Summer brings other native plants such as Black cohosh (Cimicifuga racemose) and Virginia bluebells among cultivated perennials, historic roses, and iris.

Monticello is open to visitors from 8:30 a.m. to 6 p.m. daily except Christmas Day. The gardens and grounds are available for walking tours from April to October. Be sure to stop in at the Thomas Jefferson Center for Historic Plants where you may purchase packets of heirloom seeds. Or order online at

For further reading:

Thomas Jefferson’s Garden Book, Thomas Jefferson Foundation, c. 1944

Thomas Jefferson’s Monticello, Thomas Jefferson Foundation, c. 2002 (113-157)

Dining at Monticello, Thomas Jefferson Foundation, c. 2005 (55-63)

Virginia Wildflowers: A Natural History Gallery of Wildflowers and Mushrooms, at


Celebrating just over fifty years of holy matrimony, I am blessed to be a mother of two and grandmother of seven. Much of my writing speaks to the culture and tradition of the Deep South, where I spent the first thirty-five years of my life before relocating to the Pacific Northwest. As a poet and essayist, I’ve published both online and in print media. I launched this INVITATION TO THE GARDEN blog the summer of 2017 on I look forward to hearing your stories, too!

One thought on “Thomas Jefferson’s Monticello”

  1. My readers may be interested in the following information from MOTHER EARTH NEWS about Dame’s Rocket that grows on the Monticello Estate:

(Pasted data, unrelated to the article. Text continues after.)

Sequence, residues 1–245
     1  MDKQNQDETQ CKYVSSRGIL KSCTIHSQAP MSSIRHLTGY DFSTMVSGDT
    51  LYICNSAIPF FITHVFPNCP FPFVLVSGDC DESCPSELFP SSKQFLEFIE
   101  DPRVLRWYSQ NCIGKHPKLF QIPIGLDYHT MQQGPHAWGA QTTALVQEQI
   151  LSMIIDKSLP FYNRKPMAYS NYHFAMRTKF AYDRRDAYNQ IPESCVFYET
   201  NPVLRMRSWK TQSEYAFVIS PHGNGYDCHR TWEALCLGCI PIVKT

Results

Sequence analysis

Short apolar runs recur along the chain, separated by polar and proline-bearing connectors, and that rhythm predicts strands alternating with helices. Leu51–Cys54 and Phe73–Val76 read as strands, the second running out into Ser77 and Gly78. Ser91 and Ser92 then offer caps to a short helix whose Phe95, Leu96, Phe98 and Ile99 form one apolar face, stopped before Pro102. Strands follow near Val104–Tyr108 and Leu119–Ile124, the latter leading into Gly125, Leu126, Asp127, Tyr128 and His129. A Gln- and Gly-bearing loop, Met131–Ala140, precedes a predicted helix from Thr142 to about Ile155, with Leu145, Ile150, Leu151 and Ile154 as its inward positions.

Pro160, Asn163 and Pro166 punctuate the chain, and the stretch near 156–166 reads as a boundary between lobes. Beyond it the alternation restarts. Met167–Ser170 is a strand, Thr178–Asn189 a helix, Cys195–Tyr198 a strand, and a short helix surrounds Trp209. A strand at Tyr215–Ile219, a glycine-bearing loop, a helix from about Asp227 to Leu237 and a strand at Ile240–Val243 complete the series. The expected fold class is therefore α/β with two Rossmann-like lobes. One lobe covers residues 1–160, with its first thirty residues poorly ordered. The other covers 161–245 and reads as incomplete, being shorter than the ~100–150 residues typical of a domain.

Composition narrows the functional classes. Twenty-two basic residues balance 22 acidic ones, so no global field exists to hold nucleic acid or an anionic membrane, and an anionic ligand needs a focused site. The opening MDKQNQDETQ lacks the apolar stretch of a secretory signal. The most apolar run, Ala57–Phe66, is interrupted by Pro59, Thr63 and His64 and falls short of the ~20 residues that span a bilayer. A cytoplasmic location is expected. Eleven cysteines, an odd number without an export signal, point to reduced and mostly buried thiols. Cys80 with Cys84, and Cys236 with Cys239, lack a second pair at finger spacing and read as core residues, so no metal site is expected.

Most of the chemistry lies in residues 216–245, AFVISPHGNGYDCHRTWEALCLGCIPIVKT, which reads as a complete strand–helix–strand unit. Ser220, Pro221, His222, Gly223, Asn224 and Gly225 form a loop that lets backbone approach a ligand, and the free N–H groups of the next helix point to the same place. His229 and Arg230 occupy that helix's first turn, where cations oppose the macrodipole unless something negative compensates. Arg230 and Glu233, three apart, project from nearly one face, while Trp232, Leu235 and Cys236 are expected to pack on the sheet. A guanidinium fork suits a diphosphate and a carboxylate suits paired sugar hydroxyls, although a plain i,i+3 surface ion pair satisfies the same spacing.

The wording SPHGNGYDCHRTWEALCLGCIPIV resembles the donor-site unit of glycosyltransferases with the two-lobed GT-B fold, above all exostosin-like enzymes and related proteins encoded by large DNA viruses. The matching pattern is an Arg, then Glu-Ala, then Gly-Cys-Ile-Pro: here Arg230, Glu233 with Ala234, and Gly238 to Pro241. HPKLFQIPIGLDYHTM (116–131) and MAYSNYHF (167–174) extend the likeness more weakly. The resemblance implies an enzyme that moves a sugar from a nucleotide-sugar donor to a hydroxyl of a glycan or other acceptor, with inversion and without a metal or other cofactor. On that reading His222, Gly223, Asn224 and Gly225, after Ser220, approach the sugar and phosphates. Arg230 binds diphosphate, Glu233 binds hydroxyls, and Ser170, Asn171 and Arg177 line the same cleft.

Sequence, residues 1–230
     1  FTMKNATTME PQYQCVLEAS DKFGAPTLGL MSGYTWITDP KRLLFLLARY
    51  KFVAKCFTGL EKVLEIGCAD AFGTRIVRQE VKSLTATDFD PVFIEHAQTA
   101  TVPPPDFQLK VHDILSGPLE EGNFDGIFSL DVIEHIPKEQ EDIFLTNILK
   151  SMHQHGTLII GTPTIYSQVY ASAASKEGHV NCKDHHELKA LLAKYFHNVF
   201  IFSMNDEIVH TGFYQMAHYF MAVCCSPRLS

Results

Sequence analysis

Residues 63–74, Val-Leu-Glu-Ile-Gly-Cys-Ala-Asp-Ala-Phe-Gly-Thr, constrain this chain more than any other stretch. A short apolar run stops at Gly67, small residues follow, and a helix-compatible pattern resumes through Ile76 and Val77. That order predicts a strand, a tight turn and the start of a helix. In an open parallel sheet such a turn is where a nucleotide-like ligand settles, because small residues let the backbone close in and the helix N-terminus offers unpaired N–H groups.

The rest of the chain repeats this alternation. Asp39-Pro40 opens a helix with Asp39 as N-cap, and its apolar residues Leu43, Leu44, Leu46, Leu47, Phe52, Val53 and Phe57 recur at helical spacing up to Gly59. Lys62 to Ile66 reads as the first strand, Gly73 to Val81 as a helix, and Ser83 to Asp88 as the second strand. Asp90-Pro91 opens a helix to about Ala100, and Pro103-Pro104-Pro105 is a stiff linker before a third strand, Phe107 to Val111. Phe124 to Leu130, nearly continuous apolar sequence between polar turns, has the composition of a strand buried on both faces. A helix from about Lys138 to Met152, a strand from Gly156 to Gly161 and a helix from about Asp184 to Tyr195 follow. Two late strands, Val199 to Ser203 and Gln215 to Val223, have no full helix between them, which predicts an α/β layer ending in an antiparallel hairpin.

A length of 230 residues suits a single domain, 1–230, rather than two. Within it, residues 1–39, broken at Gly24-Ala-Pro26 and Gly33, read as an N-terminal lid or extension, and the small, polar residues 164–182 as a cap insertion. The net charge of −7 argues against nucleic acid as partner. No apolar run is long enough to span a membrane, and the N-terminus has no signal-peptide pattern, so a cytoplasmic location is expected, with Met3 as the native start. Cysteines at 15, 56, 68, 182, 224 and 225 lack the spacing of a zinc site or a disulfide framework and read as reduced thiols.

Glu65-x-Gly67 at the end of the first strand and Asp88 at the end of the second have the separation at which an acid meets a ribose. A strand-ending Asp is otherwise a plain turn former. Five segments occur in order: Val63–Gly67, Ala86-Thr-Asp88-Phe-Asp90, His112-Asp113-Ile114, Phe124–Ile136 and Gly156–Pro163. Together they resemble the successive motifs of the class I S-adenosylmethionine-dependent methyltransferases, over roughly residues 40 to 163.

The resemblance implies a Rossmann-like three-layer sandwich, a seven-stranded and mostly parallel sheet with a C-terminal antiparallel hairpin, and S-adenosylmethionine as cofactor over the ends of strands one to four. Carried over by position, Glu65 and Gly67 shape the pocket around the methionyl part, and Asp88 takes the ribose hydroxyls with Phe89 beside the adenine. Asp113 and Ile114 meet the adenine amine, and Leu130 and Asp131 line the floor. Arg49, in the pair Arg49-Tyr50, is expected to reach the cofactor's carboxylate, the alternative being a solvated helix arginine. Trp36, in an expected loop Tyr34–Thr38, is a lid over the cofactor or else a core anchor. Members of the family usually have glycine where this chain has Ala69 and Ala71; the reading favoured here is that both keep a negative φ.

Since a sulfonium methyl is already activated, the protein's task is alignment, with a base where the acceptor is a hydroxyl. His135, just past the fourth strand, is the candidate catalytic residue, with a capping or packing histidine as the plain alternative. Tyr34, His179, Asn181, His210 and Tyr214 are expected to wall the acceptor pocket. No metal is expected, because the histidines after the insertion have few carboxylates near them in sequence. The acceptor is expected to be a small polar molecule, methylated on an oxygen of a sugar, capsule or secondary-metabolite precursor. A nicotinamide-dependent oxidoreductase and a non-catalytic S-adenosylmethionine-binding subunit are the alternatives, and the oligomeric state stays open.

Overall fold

Herb to Know: Dame’s Rocket
    By Betsy Strauch
    | June/July 1996

    Worth growing for its delicious ­­­­­­fra­grance­ alone, dame’s rocket also offers showy, long-lasting flowers and is as trouble-free an herb as you could ask for. Its multitude of common names attests to centuries of cultivation in gardens and to the high regard in which it has been held. Dame’s or sweet rocket, dame’s or damask violet, rogue’s or queen’s gilliflower, vesper flower, mother-of-the-evening: many of the names allude to its sweet scent—likened to a mixture of clove and violet—and to the time of day when that scent is released into the air. The name damask violet may be an association with the fragrant damask rose (Rosa damascena), or perhaps someone confused “damask” with “dame”. The name gilliflower was originally applied to pinks and carnations (Dianthus spp.), many of which have a clove scent. The generic name, Hesperis, comes from the Greek hesperos, “evening”, and matronalis, is Latin for “of a married woman”.

    Dame’s rocket is an erect, branching plant that may reach 4 feet tall and 18 inches wide. Its roots, according to the English herbalist Gerard, are “slender and threddie”, and its pointed, hairy alternate leaves are “somewhat snipt about the edges”; the lower ones have short stalks and may be as long as 4 inches, while the upper ones are stalkless and smaller. Loose terminal clusters of four-petaled, 3/4-inch-wide lavender, pink, or white flowers bloom in the late spring and early summer.

    At a casual glance, dame’s rocket may be mistaken for phlox, but phlox’s flowers have five petals. Double-flowered forms are highly prized, but today they are not readily available in the United States. Perhaps that is just as well: the British plantsman Graham Stuart Thomas has described them as “highly temperamental”. The flowers are followed by 4-inch-long, slender seedpods that are filled with pitted oblong brown seeds. The four-petaled flowers and skinny pods are evidence of this herb’s membership in the mustard family.

    Liked by 1 person